The decision of the Inter-Religious Conference on Nuclear Issues to hold its 2012 gathering in Fukushima, Japan, site of the nuclear crisis provoked by last year’s earthquake and tsunami underscores the conference’s focus on the effects of radiation or energy poison since the disaster.
By James J. Rollins*
Aizuwakamatsu City, Fukushima, Japan—Eighty-seven participants representing 23 religious communities and 11 countries convened here for the Fourth Inter-Religious Conference on Nuclear Issues, from December 5 to 7.
The conference first met in 2007 at the prompting of Rev. Toshimasa Yamamoto, then a missionary with the General Board of Global Ministries of The United Methodist Church and general secretary of the National Christian Council of Japan. Observing that a growing movement in Japan toward militarization, nationalism, and the alteration of Japan’s Peace Constitution had propelled nongovernmental organizations to gather to respond, Yamamoto called for a similar meeting of faith-based leaders to add their voice.
Tokyo, Seoul, and Okinawa have each hosted the conference since then. Holding this year’s gathering in Fukushima, site of the nuclear crisis provoked by the earthquake and tsunami of March 11, 2011, underscores the conference’s focus on the effects of radiation or energy poison since the disaster.
Hironori Shinohara, a nuclear engineer from the Miyagi Prefecture in Japan, opened the 2012 conference, and spoke of his experience growing up in Japan after World War II. He summarized the history of nuclear power and spoke of a desire for peaceful use of nuclear technology. But he cautioned that the world has been lured into a “myth of safety.”
“The fail-safes designed to protect against major nuclear fallout (which no one thought could happen) were designed by humans, and humans make mistakes,” he said. “When a nuclear plant accident, involving the release of massive amounts of radiation, takes place, the most important thing is to measure the levels of radiation and concentration of radioactive materials in the environment.” At the time of the 2011 disaster, he said, all of the devices needed for this critical task had been concentrated in one location, and all were washed away by the tsunami.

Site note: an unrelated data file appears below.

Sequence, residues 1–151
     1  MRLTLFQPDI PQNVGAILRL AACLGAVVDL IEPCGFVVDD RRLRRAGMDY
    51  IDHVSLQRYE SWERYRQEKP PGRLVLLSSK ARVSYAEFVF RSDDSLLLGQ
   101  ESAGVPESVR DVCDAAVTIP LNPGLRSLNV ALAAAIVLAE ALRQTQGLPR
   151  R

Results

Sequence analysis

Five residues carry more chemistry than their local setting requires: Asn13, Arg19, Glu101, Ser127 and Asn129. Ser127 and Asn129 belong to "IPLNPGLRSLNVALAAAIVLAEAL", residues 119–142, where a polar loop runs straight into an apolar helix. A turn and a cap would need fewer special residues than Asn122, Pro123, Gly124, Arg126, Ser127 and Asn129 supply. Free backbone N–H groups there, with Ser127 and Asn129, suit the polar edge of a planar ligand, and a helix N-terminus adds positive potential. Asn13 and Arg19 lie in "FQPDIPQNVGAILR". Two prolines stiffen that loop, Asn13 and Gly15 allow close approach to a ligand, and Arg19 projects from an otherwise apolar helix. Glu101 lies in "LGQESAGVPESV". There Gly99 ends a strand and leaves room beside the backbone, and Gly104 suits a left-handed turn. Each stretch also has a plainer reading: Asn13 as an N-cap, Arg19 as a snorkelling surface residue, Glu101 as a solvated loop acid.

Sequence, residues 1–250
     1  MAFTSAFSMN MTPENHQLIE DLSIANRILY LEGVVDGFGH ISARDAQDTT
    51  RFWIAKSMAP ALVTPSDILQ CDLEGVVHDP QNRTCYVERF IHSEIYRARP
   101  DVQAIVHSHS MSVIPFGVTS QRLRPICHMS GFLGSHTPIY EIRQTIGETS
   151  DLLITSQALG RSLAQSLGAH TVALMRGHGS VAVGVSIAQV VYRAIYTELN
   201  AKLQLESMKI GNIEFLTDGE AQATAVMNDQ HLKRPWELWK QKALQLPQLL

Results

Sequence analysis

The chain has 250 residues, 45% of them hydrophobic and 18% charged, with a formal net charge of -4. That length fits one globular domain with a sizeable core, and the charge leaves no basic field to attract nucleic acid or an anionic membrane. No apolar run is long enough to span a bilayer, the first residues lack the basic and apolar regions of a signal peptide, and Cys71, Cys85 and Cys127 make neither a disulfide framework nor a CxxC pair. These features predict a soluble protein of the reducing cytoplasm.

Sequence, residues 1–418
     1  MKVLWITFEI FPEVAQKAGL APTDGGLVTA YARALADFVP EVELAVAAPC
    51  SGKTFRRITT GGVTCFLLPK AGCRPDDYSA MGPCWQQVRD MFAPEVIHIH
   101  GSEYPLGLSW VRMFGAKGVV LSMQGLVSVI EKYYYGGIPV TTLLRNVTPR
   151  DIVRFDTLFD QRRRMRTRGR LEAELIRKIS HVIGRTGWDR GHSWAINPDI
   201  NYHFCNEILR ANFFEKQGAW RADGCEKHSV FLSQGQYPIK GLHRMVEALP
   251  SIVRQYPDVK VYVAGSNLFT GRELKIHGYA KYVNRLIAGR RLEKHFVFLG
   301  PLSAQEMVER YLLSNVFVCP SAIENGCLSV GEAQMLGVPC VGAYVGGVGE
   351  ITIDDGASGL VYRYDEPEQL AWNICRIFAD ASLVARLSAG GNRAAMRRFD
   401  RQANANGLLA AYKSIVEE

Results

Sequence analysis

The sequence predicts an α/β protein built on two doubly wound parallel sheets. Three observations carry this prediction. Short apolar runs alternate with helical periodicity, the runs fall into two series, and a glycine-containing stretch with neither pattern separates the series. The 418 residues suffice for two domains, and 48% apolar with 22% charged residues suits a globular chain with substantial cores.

The effects of radiation exposure and energy poisoning are not immediately visible, and their impact is long term. People who were exposed to radiation after the atomic bombing of Hiroshima and Nagasaki more than 67 years ago continue to suffer its ill effects today. Other case studies that demonstrate the devastating effects of radiation exposure have been documented following the Chernobyl and Three Mile Island incidents.
When the explosions at the Fukushima Daiichi plant occurred on March 12, 14, and 15, 2011, the radioactive plumes covered more than 100 kilometers (about 62 miles). The majority of the Fukushima Prefecture falls in the range of exposure, which means that a large number of people are living in conditions affected by radiation contamination. “The damage all of this will inflict in the future is of great concern,” said Shinohara.
“The information presented at the conference informs UMCOR’s long-term strategy to support survivors affected by the nuclear crisis in Japan,” stated Melissa Crutchfield, UMCOR’s associate general secretary for International Programs. “In addition, it provides the connections necesary for the creation of a holistic response that strengthens communities, focuses on children and the needs of the elderly, and aids foreign residents.”
As Japan copes with energy poison in the decades to come, UMCOR will continue to support programs that rebuild lives and help equip communities to return to a new normal.
Your gift to International Disaster Response, UMCOR Advance #982450 will help UMCOR respond to the unfolding needs in Japan and to emergencies around the world.
*James J. Rollins is the Director of Communications and Marketing for UMCOR. He attended the Inter-Religious Conference in Fukushima.